Distribution of debug information

Note: The article will likely get frequent updates in the next few days.

This article describes some approaches to distribute debug information. Commands below will use two simple C files for demonstration.

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cat > a.c <<eof
void foo(int);
int main() { foo(42); }
eof
cat > b.c <<eof
#include <stdio.h>
void foo(int x) { printf("%d\n", x); }
eof

Debug information in the executable or shared object

This is the simplest model. Debug information resides in the executable or shared object.

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gcc -c -g a.c b.c
gcc a.o b.o -o a

The linker collects input debug sections, resolves relocations, does minimum merging (SHF_STRING merge for .debug_str and .debug_line_str), and combines them into output debug sections.

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 0                0       a7     1 .debug_abbrev
0 0 38 1 a.o:(.debug_abbrev)
38 38 6f 1 b.o:(.debug_abbrev)
0 0 94 1 .debug_info
0 0 37 1 a.o:(.debug_info)
37 37 5d 1 b.o:(.debug_info)
0 0 44 1 .debug_str_offsets
0 0 1c 1 a.o:(.debug_str_offsets)
1c 1c 28 1 b.o:(.debug_str_offsets)
0 0 c1 1 .debug_str
0 0 c1 1 <internal>:(.debug_str)
0 0 28 1 .debug_addr
0 0 10 1 a.o:(.debug_addr)
10 10 18 1 b.o:(.debug_addr)
0 0 bf 1 .debug_line
0 0 5e 1 a.o:(.debug_line)
5e 5e 61 1 b.o:(.debug_line)
0 0 f 1 .debug_line_str
0 0 f 1 <internal>:(.debug_line_str)

Separate debug files

Debug information is large and not needed by many people. As a general size optimization, many distributions don't provide debug information in main software packages. For debugging needs, distributions may provide debug information in separate packages, leveraging a debugger feature that debug information may reside in a separate file. See https://sourceware.org/gdb/onlinedocs/gdb/Separate-Debug-Files.html.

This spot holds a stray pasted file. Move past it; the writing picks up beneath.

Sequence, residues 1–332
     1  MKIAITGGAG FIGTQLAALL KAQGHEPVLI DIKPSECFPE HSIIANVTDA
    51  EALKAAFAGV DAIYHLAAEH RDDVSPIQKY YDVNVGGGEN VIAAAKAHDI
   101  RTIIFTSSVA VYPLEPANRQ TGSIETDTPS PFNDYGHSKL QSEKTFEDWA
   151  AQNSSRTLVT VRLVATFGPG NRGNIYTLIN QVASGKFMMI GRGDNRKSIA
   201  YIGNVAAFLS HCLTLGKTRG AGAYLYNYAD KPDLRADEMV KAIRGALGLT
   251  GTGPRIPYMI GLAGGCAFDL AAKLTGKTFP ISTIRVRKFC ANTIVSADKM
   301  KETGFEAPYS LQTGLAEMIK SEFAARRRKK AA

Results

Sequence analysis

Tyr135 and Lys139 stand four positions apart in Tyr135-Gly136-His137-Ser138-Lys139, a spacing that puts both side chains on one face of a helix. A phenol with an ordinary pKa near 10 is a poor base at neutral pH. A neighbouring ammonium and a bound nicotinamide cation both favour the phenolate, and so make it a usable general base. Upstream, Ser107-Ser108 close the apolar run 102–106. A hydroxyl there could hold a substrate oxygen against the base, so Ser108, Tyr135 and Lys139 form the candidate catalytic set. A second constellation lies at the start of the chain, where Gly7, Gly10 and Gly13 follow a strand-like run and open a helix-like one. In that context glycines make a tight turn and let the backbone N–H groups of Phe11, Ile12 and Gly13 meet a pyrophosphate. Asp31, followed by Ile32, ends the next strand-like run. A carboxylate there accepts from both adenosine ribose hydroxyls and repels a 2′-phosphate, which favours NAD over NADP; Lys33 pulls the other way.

objcopy from binutils-gdb can create a separate debug file (since 2003).

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objcopy --only-keep-debug a a.debug
strip -S a -o a.stripped

eu-strip from elfutils can generate two output files in one invocation.

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eu-strip -f a.debug a -o a.stripped

The elfutils way is convenient for simple use cases and is adopted by rpm. But there is general ambiguity whether an operation applies to one output file or both. The --only-keep-debug way is orthogonal and integrates well with other features (e.g. --compress-debug-sections, --remove-section). I favor --only-keep-debug and implemented it in llvm-objcopy.

When debugging a.stripped in gdb, use add-symbol-file -o xxx a.debug to load the separate debug file.

Solaris 11 Update 1 introduced a similar feature called Ancillary Object. See Ancillary Objects: Separate Debug ELF Files For Solaris. They made a nice choice that ld -z ancilliary creates two output files, saving one objcopy command in the GNU linking model.

objcopy --add-gnu-debuglink=a.debug a.stripped adds a non-SHF_ALLOC section .gnu_debuglink to a.stripped. The section contains a filename (no directory information) and a four-byte CRC checksum.

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% objdump -g a.stripped
...
Contents of the .gnu_debuglink section (loaded from a.stripped):

Separate debug info file: a.debug
CRC value: 0x4d1e2a66

gdb has supported .gnu_debuglink since 2003. It finds a debug file in the same directory of the executable and .debug/ relative to the directory.

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% gdb -ex q a.stripped
Reading symbols from a.stripped...
Reading symbols from /tmp/c/a.debug...

Directories specified by debug-file-directory are used as well. This option needs to be set before loading the inferior.

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% pwd
/tmp/c
% install -D -t debug/tmp/c a.debug
% rm a.debug
% gdb -iex 'set debug-file-directory debug' -ex q a.stripped
Reading symbols from a.stripped...
Reading symbols from debug//tmp/c/a.debug...

A debug file can be found by build ID. A build ID resides in an ELF note section. Many Linux distributions configure GCC with --enable-linker-build-id to generate a build ID by default. See --build-id for the option.

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% readelf -Wn a.stripped
...
Displaying notes found in: .note.gnu.build-id
Owner Data size Description
GNU 0x00000008 NT_GNU_BUILD_ID (unique build ID bitstring) Build ID: a3b3f0788440fd94
% install -D -T debug/tmp/c/a.debug debug/.build-id/a3/b3f0788440fd94.debug
% rm debug/tmp/c/a.debug
% gdb -nx -iex 'set debug-file-directory debug' -ex q a.stripped
Reading symbols from a.stripped...
Reading symbols from /tmp/c/debug/.build-id/a3/b3f0788440fd94.debug...

lldb uses target.debug-file-search-paths to locate a separate debug file. (TODO)